There are more than 57,000 horses used for recreation (54%), racing (22%), sport (13%) and guide, ranch or other work (11%) in British Columbia.1 Roughly 20,000 households around the province are involved in the equine sector.1 While the average horse-owning household in B.C. has 3.3 horses1, it is estimated that only two-thirds of guardians live on the same property as their horse2.
Depending on the purpose for which they are raised, equines may face risks to their physical and psychological well-being. Such risks concern the ways in which they are bred, raised, housed, trained, handled and transported, as well as the activities themselves. However, regardless of purpose, all equine guardians should have a plan and provide for the health and welfare of their animals, with considerations made for:
- Sanitary and comfortable bedding and housing;
- Adequate nutrition that includes a high ratio of high-fibre roughage and allows for foraging throughout the day;
- Appropriate preventative medical care including vaccinations, parasite control and dental care;
- Appropriate grooming and hoof care;
- Social contact with other equines that permits expression of natural behaviours such as mutual grooming and play;
- Access to spaces large enough for equines to use all gaits to roam and interact with other equines across distances;
- Enrichment that provides opportunities for physical and mental stimulation to prevent boredom and frustration;
- Humane (i.e., non-aversive-based) handling and training;
- Breeding or prevention of breeding (e.g., castration of animals not intended for breeding);
- Humane methods of permanent identification (e.g., microchipping);
- Immediate veterinary care in medical emergencies;
- Transportation, housing and care in the event of a natural disaster or other non-medical emergency;
- Retirement and aging; and
Should a horse or other equine no longer be desired for their original purpose, the guardian must be prepared to provide for their lifelong care or re-home them responsibly. The BC SPCA therefore encourages potential guardians to think carefully about their decision to acquire an equine, who can live for more than 30 years, and ensure they have the long-term funds needed to provide for their welfare.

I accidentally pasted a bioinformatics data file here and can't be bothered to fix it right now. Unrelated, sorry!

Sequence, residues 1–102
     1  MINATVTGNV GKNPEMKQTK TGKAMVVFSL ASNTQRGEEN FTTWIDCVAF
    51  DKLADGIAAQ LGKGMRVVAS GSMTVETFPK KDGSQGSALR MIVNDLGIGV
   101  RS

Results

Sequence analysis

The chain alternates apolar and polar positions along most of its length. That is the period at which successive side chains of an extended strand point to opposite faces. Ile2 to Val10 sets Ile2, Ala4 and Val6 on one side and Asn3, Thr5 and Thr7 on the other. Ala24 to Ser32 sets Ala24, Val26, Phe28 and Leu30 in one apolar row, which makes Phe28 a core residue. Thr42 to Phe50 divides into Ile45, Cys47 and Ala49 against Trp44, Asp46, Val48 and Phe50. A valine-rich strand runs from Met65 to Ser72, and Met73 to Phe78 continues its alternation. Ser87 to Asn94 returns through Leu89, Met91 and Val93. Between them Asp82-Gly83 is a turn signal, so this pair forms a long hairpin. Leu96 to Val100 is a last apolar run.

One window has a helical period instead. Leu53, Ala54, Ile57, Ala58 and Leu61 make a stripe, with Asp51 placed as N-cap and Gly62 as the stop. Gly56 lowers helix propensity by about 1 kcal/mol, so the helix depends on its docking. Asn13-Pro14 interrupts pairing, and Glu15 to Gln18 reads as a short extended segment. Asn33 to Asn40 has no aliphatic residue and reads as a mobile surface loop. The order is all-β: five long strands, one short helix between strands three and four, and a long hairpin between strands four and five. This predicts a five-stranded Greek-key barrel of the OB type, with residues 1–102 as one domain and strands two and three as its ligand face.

Equine guardians should be aware that auctioning of their animal may result in the animal being purchased for slaughter rather than for recreational purposes. Auctions and slaughter plants are distressing environments for equines, exposing them to unfamiliar sights, sounds, smells, and housing and handling methods. Due to the potential for severe welfare harms, the BC SPCA strongly recommends that equine guardians instead consider placing the animal with another suitable recreational guardian or having the animal euthanized on-site.
Minimum acceptable standards of care for horses and other equines are defined in the Code of Practice for the Care and Handling of Equines3, available from the National Farm Animal Care Council. The Review of Scientific Research on Priority Issues4, which supports the Code, contains further information for equine guardians, including learning theory and training psychology.
Animals in Recreation, Sport & Entertainment
Animals in the Film and Television Industry
Animals Used in Science
Cosmetic and Other Non-Therapeutic Alterations
Farm Animal Welfare
Selective Breeding of Companion Animals
Background updated – January 2021
1 Horse Council BC Equine Industry Economic Impact Study 2019. Available from https://hcbc.ca/2020/05/26/2019-hcbc-economic-impact-survey-results/. Accessed August 11, 2020
2 Equine Canada 2010 Canadian Equine Industry Profile Study. Available from https://www.equestrian.ca/industry/about. Accessed August 11, 2020
3 Code of Practice for the Care and Handling of Equines. Available from https://www.nfacc.ca/codes-of-practice/equine. Accessed August 11, 2020
4 Code of Practice for the Care and Handling of Equines: Review of Scientific Research on Priority Issues. Available from https://www.nfacc.ca/codes-of-practice/equine. Accessed August 11, 2020